Yuan revaluation would hurt US: Lin

08:55, May 17, 2010      

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The chief economist for the World Bank said Saturday that if China were to revalue its currency it would actually hurt rather than help the US economy.

Speaking to students on China's role in the future global economy, Justin Yifu Lin said critics who claim a purposely undervalued Chinese currency is hampering US growth are wrong.

He acknowledged that if China stopped selling the yuan and buying foreign currencies, the policy that critics say keeps the currency artificially undervalued, Chinese exports would become more expensive.

But he said because most of the products China exports to the United States are labor-intensive goods US manufacturers stopped making years ago, the US would only have two choices: buy the products from other countries or from the Chinese.

Either way, Lin said, the cost of those goods would rise for US consumers and that would depress both consumer spend-ing and job creation in the US.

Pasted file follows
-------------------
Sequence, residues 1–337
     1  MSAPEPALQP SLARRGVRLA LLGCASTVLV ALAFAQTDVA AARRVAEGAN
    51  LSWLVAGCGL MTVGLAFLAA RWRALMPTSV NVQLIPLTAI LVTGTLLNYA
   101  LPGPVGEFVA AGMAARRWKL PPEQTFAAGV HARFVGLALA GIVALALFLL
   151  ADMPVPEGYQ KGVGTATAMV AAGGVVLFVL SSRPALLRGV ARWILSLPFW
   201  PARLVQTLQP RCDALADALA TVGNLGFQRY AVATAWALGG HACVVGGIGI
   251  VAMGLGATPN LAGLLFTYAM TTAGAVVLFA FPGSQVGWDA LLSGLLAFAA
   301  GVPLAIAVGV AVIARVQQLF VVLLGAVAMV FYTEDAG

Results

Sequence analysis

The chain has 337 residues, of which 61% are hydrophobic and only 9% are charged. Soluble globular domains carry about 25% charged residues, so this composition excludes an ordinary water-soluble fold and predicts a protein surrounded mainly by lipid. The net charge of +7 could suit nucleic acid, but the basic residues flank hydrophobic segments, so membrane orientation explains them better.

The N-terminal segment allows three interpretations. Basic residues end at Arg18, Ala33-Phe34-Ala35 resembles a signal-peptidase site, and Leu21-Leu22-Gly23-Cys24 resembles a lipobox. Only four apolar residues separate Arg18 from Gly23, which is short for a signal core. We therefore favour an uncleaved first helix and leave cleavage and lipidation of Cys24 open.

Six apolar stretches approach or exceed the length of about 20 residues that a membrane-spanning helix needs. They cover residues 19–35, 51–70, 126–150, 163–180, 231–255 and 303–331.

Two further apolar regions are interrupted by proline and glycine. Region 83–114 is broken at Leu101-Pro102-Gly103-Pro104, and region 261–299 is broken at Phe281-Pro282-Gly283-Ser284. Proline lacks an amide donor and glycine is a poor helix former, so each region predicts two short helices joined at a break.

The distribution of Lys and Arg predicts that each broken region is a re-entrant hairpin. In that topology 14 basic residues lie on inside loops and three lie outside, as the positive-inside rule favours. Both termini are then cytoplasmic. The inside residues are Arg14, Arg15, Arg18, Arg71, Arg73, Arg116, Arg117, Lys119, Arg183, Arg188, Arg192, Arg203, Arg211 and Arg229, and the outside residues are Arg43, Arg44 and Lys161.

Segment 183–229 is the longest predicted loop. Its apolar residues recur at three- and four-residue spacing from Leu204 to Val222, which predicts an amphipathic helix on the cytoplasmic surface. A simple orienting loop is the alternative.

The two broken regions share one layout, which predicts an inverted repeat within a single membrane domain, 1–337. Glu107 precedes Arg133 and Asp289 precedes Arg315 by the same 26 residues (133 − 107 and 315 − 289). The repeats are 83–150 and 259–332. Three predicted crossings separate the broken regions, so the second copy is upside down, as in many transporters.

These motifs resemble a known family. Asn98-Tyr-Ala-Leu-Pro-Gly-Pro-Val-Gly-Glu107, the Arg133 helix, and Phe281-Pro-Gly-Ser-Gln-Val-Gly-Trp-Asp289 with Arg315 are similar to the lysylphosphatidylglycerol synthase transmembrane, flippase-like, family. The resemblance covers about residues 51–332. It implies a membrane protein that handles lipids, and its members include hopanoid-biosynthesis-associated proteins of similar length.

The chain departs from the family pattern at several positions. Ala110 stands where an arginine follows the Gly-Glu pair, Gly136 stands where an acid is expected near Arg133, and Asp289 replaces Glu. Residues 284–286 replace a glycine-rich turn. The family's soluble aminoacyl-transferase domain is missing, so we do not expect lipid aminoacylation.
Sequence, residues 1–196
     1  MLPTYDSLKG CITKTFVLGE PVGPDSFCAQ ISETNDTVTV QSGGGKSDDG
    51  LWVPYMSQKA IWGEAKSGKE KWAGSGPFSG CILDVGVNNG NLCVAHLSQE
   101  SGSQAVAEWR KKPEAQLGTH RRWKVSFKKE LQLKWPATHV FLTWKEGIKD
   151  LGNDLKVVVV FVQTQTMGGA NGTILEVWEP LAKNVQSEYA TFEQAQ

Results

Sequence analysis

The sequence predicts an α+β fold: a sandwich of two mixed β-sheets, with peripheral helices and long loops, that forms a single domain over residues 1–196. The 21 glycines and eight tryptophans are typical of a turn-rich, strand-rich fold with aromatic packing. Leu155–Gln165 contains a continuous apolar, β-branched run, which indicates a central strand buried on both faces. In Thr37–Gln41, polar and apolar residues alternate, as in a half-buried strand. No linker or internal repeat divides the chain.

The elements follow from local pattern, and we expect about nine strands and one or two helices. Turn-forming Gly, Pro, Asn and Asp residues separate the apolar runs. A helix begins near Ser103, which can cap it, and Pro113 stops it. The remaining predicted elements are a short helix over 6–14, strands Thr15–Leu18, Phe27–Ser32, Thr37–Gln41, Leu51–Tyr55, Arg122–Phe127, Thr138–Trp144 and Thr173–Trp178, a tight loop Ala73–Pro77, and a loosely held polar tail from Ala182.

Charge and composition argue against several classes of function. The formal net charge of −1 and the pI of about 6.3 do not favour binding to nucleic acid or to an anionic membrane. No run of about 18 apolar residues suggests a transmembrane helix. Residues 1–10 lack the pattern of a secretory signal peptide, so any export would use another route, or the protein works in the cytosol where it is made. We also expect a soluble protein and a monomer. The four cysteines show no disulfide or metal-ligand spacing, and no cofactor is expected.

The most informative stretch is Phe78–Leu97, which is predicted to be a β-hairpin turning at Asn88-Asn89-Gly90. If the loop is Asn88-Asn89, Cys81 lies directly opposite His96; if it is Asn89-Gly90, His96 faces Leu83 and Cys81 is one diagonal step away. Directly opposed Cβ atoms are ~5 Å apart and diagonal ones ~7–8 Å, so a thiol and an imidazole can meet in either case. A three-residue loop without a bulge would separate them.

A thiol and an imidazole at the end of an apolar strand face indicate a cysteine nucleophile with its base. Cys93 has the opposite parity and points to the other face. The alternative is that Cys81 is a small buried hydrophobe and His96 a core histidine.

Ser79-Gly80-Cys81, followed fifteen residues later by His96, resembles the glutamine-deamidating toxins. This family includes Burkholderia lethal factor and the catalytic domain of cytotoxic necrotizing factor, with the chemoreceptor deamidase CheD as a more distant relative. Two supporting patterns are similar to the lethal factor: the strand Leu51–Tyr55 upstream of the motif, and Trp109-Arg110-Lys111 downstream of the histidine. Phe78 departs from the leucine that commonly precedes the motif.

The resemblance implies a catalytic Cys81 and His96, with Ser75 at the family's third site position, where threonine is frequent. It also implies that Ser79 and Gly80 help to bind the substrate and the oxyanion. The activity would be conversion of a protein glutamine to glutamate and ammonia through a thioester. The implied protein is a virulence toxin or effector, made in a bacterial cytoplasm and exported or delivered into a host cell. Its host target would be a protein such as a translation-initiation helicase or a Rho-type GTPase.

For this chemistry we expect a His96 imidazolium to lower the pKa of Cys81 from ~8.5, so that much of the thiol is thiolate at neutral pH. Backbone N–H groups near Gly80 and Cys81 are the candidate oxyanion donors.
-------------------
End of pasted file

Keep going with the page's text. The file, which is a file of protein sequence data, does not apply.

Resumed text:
He argued that goods made in other parts of the developing world were more expensive than Chinese made goods because, if they were not, the US would already be buying them.

Many economists including some from the World Bank's sister organization, the International Monetary Fund, think revaluing the currency is just one of several steps China needs to take in order to shrink its massive reserves.

China would also need to adopt policies to encourage domestic consumption, such as improving health care and other social safety net services so that households would save less and spend more.

Source: Global Times

(Editor:黄硕)

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